We can expect the chorus of business leaders calling for a change of direction to grow ever louder as we head towards next month’s budget, writes Kevin Meagher.
The shaky foundations of the government’s economic policy have come under sustained criticism this week. First there were broadsides from both the outgoing and incoming director-generals of the CBI. Then the august National Institute for Economic and Social Research (NIESR) weighed in, with each calling for an urgent focus on growth.
But governments are judged by their actions and despite this growing clamour ministers are still set on a different course – one that will leave whole swathes of the country facing a rerun of the economic ruin that plagued the 1980s.
The Financial Times claims that Britain’s poorest regions are set to lose up to £430 million in funding from the Grants for Business Investment (GBI) scheme which supports around 1,800 projects across the country, predominantly in manufacturing, safeguarding around 80,000 jobs.
The paper reports the Department of Business saying GBI may be kept in place for “large exceptional projects” which might run to 150-200 in number – just 10% or so of the current total.
Labour’s former business minister Pat McFadden said:
“At a time when the government is calling on the private sector to step up and fill the employment gap created by public sector cuts, it is perverse to be cutting this support for private sector businesses and private sector job creation.”
From the other side of the equation, new research from Sheffield Hallam University underlines the importance of public sector job creation in deprived parts of the country:
“In the 100 local authorities outside London with the highest out-of-work benefit claimant rates 460,000 out of the 590,000 jobs added between 1999 and 2008 were in public administration, defence, education and health, or 78% [of the total jobs created].”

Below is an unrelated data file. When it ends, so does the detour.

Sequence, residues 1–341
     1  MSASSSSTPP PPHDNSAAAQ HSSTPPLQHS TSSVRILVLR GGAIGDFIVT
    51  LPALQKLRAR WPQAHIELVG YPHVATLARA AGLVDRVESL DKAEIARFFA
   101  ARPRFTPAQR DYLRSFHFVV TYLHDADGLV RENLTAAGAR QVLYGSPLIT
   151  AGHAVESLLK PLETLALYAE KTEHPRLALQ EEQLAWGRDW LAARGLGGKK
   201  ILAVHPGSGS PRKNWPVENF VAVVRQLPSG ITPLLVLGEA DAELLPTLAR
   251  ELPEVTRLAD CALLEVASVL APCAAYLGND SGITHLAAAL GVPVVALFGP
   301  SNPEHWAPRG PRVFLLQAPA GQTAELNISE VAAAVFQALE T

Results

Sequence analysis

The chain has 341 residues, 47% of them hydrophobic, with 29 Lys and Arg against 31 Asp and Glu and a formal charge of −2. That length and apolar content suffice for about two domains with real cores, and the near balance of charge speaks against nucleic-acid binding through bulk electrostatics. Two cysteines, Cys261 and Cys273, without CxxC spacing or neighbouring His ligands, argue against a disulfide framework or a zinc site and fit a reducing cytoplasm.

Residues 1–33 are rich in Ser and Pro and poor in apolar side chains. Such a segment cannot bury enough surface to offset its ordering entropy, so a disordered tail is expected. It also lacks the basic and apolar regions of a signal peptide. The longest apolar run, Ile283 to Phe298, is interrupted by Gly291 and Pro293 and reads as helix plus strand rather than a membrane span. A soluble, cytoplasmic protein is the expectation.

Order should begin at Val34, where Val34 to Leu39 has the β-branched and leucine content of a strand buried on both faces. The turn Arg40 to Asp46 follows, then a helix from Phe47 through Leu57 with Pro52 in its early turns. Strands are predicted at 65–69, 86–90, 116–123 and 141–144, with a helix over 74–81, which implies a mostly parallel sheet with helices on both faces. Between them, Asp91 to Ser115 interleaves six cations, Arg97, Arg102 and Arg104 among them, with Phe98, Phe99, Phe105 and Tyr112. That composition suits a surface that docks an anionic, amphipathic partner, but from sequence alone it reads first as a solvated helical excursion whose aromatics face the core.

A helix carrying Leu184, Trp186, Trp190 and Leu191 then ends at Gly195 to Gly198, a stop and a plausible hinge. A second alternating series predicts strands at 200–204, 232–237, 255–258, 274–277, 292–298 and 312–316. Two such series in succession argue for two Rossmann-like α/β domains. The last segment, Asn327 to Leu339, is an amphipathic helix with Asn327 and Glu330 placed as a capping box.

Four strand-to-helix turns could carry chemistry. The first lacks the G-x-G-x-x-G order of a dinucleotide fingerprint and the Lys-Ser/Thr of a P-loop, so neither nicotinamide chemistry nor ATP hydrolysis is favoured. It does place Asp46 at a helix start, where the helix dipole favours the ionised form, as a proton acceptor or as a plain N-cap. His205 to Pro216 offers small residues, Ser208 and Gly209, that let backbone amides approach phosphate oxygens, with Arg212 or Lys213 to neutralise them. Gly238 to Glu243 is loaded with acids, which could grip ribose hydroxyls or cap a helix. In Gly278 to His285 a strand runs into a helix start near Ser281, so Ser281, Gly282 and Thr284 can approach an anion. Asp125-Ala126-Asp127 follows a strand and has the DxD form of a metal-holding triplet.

The loss of nearly half a billion pounds worth of GBI funding is the latest blow to investment in English regional economic development and comes after it was revealed there has been massive over-subscription in the first round of bidding to the new Regional Growth Fund (RGF).
Four hundred and fifty bids have been submitted for projects totalling around £2 billion. Yet the value of the fund is just £1.4 billion – and that is to cover three years. Meanwhile, enthusiasm for the new Local Enterprise Partnerships (LEPs), the emaciated, budget-less successors to Labour’s regional development agencies, is in conspicuously short supply.
Chris Fletcher, the deputy chief executive at Greater Manchester Chamber of Commerce says:
“There is… an appreciation of the local focus, but if there is a lack of central government support, and a lack of power, then the LEPs will quickly lose their sparkle.”
The scope and range of powers available to LEPs is still a mystery wrapped up in an enigma. Adam Marshall, the director of policy at the British Chambers of Commerce, says:
“There’s a stand-off between the government saying ‘get on with it’, and the LEPs saying ‘get on with what?’”
A leader in this week’s Birmingham Post is more succinct:
“To describe the way the government has gone about launching Local Enterprise Partnerships as a shambles would be putting it mildly. An unmitigated and embarrassing disaster would be a better choice of words.”
The full scale of the government’s regional economic myopia – and the inadequacy of their response – is now coming into sharp focus. But like millennial cultists, ministers pin their entire strategy on the private sector rushing in to fill the vacuum left when public funding for regional growth projects dries up.
We can expect the chorus of business leaders calling for a change of direction to grow ever louder as we head towards next month’s budget.
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